Production scaling drives research and innovation

The age-old query, “Which came first, the chicken or the egg?”, can be applied to production at scale and innovative research.

Most people think of research and innovation as the precursor to large-scale production, and that often is the case. A breakthrough idea, through follow-on refinement, can lead to a well-received product that warrants mass manufacturing.

But it’s also true that production scaling — the ability to efficiently manufacture large quantities of a product or component — itself leads to research and innovation. This is especially important to consider as the U.S. has outsourced much of its scaled production over the past 40 years — which, tellingly, has led to a surge of research and innovation in those countries that have happily welcomed the opportunity to produce at scale.

Production at scale is a continuous learning opportunity. When you manufacture large quantities of a good, you invariably get new ideas as you debug and optimize the manufacturing process steps for maximum efficiency. These light-bulb moments can lead to substantial value-added improvements to a product or to entirely new products.

The accessibility of preexisting scaled manufacturing capacity as an economic given is also important to entrepreneurs in that they can envision a way to capitalize on their research and innovation by manufacturing in the quantities necessary to make their early-stage startup investment in time and money pay off.

Seeing a quick path to commercial success through scaled manufacturing is crucial to venture investors and other sources of capital. As the U.S. rebuilds its manufacturing capacity and production processes, reversing some of the excesses of its lengthy overreliance on outsourcing, investors of capital will view more favorably entrepreneurs who come to them with new product ideas, as the investors can see proven ways to realize their return on investment through commercialization at scale. More manufacturing output means more value added across the nation’s economy — and more profits that widen the pool of capital for further investment.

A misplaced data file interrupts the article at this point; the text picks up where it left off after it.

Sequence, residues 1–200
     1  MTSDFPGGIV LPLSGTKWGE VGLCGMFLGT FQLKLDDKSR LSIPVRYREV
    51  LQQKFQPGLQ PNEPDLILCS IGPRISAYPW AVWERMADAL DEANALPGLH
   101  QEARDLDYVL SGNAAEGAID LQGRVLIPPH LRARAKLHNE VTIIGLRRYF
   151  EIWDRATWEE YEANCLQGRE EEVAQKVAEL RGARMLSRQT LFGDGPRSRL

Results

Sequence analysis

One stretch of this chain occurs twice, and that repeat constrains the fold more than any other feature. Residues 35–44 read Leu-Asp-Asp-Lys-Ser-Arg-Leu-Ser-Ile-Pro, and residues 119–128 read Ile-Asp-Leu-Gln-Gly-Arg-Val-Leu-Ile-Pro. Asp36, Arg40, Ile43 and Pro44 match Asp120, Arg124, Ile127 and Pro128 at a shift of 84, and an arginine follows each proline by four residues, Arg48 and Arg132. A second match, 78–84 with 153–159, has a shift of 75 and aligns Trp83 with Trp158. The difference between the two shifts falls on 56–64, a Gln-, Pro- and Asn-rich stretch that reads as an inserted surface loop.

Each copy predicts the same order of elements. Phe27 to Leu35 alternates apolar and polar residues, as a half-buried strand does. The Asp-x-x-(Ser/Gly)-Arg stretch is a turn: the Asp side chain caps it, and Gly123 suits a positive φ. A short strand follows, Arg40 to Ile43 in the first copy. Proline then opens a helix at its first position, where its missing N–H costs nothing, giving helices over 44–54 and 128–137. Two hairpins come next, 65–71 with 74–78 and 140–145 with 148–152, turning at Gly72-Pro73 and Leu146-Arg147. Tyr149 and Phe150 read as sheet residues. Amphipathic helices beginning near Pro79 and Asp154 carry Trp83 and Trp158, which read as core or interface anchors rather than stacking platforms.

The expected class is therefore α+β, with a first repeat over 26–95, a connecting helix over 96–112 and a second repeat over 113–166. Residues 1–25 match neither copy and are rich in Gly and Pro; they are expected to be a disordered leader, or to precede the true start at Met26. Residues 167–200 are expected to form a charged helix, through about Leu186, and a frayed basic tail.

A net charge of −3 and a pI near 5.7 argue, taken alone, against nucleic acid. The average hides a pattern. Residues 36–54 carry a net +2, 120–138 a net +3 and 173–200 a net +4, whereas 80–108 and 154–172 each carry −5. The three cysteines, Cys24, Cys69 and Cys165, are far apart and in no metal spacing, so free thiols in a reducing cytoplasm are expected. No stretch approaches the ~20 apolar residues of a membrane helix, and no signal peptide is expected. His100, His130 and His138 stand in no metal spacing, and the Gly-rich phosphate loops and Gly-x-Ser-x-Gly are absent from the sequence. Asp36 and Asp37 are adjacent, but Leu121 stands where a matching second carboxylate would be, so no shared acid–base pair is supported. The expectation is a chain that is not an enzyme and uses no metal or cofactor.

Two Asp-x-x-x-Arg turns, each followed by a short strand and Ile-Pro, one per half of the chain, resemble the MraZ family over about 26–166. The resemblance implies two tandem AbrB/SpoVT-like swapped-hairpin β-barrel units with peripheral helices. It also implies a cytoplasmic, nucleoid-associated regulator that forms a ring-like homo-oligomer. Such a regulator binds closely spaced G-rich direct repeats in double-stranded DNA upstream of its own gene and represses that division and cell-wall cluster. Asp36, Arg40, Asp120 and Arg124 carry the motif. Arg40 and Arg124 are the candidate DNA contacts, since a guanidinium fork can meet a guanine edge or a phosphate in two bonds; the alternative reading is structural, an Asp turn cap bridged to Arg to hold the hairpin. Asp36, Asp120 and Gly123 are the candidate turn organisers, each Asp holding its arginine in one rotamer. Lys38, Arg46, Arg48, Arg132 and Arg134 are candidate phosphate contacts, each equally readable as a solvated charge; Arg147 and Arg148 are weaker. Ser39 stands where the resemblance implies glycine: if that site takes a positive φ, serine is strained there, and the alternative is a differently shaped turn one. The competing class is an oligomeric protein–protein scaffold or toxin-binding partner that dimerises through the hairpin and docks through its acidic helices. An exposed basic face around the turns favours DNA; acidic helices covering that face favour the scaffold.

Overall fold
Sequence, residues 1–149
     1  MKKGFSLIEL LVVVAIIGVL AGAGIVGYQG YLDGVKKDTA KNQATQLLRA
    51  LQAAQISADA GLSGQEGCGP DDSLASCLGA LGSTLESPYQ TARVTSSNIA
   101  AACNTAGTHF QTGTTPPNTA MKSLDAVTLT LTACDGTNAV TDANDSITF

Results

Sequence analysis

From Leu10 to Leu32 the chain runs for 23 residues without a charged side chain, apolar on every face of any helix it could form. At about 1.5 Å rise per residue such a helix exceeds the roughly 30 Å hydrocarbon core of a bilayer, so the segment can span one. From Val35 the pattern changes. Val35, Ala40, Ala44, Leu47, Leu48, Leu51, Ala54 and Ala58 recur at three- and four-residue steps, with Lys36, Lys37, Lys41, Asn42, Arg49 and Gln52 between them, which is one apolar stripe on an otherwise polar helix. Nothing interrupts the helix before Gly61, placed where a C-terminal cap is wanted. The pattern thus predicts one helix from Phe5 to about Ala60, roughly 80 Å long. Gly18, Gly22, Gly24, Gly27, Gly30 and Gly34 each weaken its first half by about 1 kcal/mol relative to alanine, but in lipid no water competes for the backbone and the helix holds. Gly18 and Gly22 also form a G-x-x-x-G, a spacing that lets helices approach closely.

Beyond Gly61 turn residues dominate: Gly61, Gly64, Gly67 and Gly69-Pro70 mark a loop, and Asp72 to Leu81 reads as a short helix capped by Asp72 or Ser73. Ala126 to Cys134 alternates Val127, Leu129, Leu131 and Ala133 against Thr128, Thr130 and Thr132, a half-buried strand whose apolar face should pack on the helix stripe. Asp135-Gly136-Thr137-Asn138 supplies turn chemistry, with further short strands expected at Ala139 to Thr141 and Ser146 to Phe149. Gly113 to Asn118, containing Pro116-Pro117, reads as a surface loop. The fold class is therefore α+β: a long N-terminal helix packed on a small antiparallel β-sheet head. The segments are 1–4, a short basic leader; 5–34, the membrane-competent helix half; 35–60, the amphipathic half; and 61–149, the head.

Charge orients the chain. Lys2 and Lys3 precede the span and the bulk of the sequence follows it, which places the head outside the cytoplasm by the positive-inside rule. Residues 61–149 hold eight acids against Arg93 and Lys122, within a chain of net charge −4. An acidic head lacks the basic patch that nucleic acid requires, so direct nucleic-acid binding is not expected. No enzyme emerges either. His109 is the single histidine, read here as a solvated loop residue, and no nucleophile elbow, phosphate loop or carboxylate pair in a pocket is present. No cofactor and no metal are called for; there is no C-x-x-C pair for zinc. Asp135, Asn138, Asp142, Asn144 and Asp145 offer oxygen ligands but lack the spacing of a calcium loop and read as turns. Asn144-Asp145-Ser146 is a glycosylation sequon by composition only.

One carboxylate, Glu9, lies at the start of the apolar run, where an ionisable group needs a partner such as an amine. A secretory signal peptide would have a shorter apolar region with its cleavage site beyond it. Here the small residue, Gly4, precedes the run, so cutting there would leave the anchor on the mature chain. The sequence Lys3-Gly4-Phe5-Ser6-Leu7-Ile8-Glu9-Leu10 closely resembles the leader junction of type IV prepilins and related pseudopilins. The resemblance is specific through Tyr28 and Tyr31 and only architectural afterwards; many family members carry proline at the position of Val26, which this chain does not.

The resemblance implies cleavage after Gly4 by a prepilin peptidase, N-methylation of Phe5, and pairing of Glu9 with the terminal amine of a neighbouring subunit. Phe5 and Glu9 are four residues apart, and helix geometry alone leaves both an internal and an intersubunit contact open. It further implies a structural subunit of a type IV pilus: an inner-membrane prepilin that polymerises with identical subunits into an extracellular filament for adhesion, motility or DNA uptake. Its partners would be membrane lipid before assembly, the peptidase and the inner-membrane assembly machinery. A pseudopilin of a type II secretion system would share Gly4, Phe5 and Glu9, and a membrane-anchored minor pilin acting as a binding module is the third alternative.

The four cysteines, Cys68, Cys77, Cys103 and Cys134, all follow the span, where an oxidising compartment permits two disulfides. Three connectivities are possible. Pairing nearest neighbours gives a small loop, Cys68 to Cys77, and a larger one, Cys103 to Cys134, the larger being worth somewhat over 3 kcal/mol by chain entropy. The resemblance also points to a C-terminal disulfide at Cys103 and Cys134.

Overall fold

A nationwide network of manufacturing at scale also helps create and nurture a new generation of innovators. These “makers” progress from their prior roles in the value chain as engineers and floor workers to entrepreneurs, as their experience and natural curiosity enable them to see avenues for product innovation and commercialization.

Additive manufacturing (aka 3D printing) plays a significant role here. It already has led to an enormous community of pioneering makers across the country, each toying in prototyping and small-lot production with their own bright ideas, many of which could come to fruition more easily in a country with scaled manufacturing capabilities as part of its newly refreshed DNA.

Also critical to scaled manufacturing is the digitalization of business. The ability to quickly and easily transfer design models and manufacturing process instructions from one production node in the value chain to another enables manufacturing-at-scale facilities to accept the various inputs from researchers and innovators and turn that code into humming production lines. Digitalization and the free flow of data also mean manufacturing at scale can either be centralized at large enterprises or operate in a distributed model across the nation in a digitally connected value chain. Digitally grounded applications like manufacturing execution systems and operations management systems provide the means to continuously collect and analyze data to make manufacturing at scale ever more efficient and profitable.